Here they come again. As surely as the cherry blossoms bloom in the spring, the industrial policy mavens descend on Washington every time a new technology or a new Congress gives them an opportunity to push their favorite ideas.
This time the technology in question is HDTV, high-definition television. By producing images six times sharper than ordinary television sets, HDTV promises to turn living rooms into home movie theaters. If engineers ever manage to combine HDTV with flat-screen technology, it could make Farenheit 451's "parlor walls" a reality.
Depending on which experts you believe, HDTV will either be the next personal computer—the leading edge of consumer electronics—or the next quadriphonic stereo—an expensive flop. On Capitol Hill, nobody is making the quad analogy. Rep. Don Ritter (R–Pa.), for instance, calls HDTV "a crown-jewel product" and "one of the most important inventions of the 20th century."
Even people somewhat less prone to hyperbole see HDTV as the technology that could make or break American industry by driving the development of new computer chips and other electronic components. Writes Rep. Mel Levine (D–Calif.) in the New York Times: "If ceding HDTV development helps foreigners monopolize the next generation of electronic components, it will not be long before America becomes a second-rate manufacturing power."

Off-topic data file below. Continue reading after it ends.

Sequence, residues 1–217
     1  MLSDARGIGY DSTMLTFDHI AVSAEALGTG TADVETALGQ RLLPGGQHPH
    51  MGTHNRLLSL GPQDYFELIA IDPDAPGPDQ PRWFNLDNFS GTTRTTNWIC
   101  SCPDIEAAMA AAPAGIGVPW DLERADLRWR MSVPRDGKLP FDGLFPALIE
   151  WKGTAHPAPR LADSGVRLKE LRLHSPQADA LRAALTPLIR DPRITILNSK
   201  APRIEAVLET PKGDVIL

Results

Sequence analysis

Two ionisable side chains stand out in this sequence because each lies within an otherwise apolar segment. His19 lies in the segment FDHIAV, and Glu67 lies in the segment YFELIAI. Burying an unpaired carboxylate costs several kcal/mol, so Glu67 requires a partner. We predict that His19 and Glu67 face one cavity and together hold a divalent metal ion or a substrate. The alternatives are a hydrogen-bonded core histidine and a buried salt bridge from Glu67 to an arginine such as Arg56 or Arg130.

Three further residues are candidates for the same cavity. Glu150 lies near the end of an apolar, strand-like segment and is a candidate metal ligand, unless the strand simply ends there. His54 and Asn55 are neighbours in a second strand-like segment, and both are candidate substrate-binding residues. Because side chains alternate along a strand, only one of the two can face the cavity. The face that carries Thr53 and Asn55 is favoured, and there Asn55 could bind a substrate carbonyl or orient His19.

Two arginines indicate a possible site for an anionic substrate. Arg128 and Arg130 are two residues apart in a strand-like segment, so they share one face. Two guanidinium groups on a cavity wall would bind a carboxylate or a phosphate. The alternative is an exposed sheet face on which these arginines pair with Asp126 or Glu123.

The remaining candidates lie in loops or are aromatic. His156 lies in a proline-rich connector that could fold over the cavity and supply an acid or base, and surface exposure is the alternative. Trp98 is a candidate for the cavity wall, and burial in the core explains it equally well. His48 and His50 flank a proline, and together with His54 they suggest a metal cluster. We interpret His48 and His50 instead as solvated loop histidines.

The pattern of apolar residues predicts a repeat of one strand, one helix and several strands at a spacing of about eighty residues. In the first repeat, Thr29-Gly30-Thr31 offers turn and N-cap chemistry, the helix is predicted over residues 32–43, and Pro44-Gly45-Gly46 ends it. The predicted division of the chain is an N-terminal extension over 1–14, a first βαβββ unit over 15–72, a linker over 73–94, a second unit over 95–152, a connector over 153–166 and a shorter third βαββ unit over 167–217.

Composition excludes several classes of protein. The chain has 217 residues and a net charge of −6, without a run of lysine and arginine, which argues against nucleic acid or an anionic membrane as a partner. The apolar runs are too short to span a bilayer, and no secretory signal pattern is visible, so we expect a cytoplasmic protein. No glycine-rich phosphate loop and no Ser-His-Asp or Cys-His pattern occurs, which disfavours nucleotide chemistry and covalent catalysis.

Levine, cochairman of the House HDTV Task Force, says that "although we have to develop a United States–controlled HDTV industry," companies can't do it without government aid. Japanese manufacturers have a head start in the business and could bring HDTV to market as early as next year, at least in Japan.
Absent government involvement, American consumers could buy HDTVs from Japanese or European manufacturers, just as they buy regular sets from Panasonic, Sony, and Quasar today. (Although several foreign TV makers have plants in the United States, Zenith is the only American-owned company still making TV sets.)